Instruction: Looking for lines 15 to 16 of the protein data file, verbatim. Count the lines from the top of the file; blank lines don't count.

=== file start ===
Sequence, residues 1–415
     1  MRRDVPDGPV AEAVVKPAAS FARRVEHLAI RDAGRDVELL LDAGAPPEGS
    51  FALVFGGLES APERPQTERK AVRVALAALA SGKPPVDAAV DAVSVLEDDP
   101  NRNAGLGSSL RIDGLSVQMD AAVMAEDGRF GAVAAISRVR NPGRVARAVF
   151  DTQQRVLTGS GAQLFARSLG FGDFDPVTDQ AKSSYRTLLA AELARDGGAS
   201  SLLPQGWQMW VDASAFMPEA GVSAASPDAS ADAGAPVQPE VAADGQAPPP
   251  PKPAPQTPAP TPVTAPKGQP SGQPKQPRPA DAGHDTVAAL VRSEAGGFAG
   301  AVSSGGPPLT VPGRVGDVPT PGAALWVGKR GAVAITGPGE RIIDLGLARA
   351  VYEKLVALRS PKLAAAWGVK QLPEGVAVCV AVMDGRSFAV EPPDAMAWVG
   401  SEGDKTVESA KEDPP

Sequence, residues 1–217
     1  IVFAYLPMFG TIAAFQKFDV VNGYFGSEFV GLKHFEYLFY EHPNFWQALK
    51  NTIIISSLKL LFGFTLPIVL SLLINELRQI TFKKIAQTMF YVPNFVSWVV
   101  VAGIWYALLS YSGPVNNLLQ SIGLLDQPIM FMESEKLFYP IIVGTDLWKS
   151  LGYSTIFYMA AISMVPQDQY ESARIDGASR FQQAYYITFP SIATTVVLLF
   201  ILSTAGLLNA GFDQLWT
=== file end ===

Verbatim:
   151  LGYSTIFYMA AISMVPQDQY ESARIDGASR FQQAYYITFP SIATTVVLLF
   201  ILSTAGLLNA GFDQLWT